The fire pit has been improved with the addition of a slice of 48-inch culvert set a foot into the ground and ringed with rocks. Around its circumference, folding chairs have replaced the log stumps, which now are used as side tables.
Where there are cows, there must be bulls, but none appeared.
Yet, some things remain the same. The whistle that Tom used to signal the end of hunting for the day and the beginning of Happy Hour hangs from a hook in the kitchen, a bottle of Bailey’s is next to the coffee decanters, and drinking water is still boiled for ten minutes, cooled, and poured into a clean jug. Tender backstrap steaks from fresh moose are served in camp. Years ago Ken and I had introduced the group to the liverwurst made by a game processor at Indian Valley Meats, and today the liver is taken to the same processor.
And, the outhouse still has a million dollar view.
Going into camp or coming out, it is mandatory and traditional to stop at Blackberry Knob for a sip of that sweet brandy liqueur and to remember those who are gone.
Tom was cremated and his ashes were spread by family and friends at all the well-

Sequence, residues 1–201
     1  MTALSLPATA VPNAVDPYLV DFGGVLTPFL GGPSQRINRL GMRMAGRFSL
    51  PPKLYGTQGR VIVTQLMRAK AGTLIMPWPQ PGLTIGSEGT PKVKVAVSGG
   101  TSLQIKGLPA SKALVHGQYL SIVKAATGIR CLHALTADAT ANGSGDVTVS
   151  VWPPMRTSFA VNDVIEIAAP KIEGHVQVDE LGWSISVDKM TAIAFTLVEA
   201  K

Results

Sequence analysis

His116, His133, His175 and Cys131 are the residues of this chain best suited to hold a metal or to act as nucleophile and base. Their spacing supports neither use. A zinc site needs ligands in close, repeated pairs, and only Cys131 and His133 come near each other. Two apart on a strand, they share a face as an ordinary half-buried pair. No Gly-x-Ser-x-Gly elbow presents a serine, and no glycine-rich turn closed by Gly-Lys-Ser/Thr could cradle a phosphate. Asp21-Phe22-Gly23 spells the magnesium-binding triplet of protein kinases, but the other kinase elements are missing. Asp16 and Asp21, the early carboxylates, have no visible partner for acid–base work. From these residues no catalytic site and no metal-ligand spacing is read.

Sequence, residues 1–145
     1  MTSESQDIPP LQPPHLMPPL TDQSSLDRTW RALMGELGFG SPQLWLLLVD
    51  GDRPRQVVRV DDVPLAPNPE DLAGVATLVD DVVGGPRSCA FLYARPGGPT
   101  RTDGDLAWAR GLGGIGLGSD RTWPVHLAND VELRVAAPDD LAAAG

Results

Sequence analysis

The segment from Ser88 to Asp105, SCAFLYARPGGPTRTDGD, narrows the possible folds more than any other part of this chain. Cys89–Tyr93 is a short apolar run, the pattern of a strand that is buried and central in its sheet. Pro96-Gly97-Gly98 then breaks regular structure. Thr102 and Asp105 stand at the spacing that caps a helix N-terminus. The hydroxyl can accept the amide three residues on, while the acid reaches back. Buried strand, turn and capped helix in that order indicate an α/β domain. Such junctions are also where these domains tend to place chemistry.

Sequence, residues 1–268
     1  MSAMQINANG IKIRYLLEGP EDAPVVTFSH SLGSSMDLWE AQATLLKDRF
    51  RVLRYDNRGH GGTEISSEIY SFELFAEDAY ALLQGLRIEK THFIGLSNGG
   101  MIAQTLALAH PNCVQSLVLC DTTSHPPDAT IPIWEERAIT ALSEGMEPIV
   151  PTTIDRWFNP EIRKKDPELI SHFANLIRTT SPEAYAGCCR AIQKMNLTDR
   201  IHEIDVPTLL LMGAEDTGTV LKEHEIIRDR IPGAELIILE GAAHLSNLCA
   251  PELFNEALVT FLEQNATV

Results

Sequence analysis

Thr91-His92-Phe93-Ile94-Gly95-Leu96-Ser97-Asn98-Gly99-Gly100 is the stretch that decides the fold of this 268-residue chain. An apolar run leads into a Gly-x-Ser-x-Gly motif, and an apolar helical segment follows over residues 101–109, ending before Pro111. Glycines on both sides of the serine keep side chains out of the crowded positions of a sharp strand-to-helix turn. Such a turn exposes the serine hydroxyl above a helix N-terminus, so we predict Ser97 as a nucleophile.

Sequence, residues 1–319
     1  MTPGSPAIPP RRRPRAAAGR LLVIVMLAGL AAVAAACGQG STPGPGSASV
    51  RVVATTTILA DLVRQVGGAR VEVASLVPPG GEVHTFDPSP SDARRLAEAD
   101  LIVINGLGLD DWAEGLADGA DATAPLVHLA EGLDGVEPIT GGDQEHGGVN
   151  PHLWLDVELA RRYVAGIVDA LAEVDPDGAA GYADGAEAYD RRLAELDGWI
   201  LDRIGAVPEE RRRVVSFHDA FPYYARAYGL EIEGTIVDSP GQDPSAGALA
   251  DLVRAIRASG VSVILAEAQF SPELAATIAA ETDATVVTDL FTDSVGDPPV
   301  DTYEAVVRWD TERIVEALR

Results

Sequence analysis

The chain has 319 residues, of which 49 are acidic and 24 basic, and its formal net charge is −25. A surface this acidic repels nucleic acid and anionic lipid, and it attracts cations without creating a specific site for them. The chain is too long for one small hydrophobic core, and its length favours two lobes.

known hunting spots in Boulder Creek valley and at Blackberry Knob.. He has now been joined by Ken, and others have expressed their wishes to be placed in those happy hunting grounds also when their time comes.
The view from Blackberry Knob.
In the meantime, dry spruce snaps and pops in the fire pit, the orange flames reaching for the blue tarp overhead that protects us from rain and snow. Crazy Larry sits for hours, patiently sharpening all the hunting and whittling and kitchen knives in camp. Matt plans the next day’s menu and G.B. casts a spell over us reciting Robert Service’s poems about the north country. Soft-spoken Mel, who’d faced down a young bull of illegal size earlier in the day, sits beside me, clinks his cup of wine to mine, and says, “To good friends.” Around the fire.
Stories about Tom, and now Ken, are told and retold, and despite what Howard says about big fires being smokeless, we must be getting smoke in our eyes because they glisten and ripple with tears.
I wish that somehow I could grasp a handful of that smoke and bottle it so that I could keep it forever. But then, perhaps its comforting aroma has permeated my soul, where it will always remind me of friends, a shared campfire, and the man who brought us all together in its warmth.
© Sept 2007, Gullible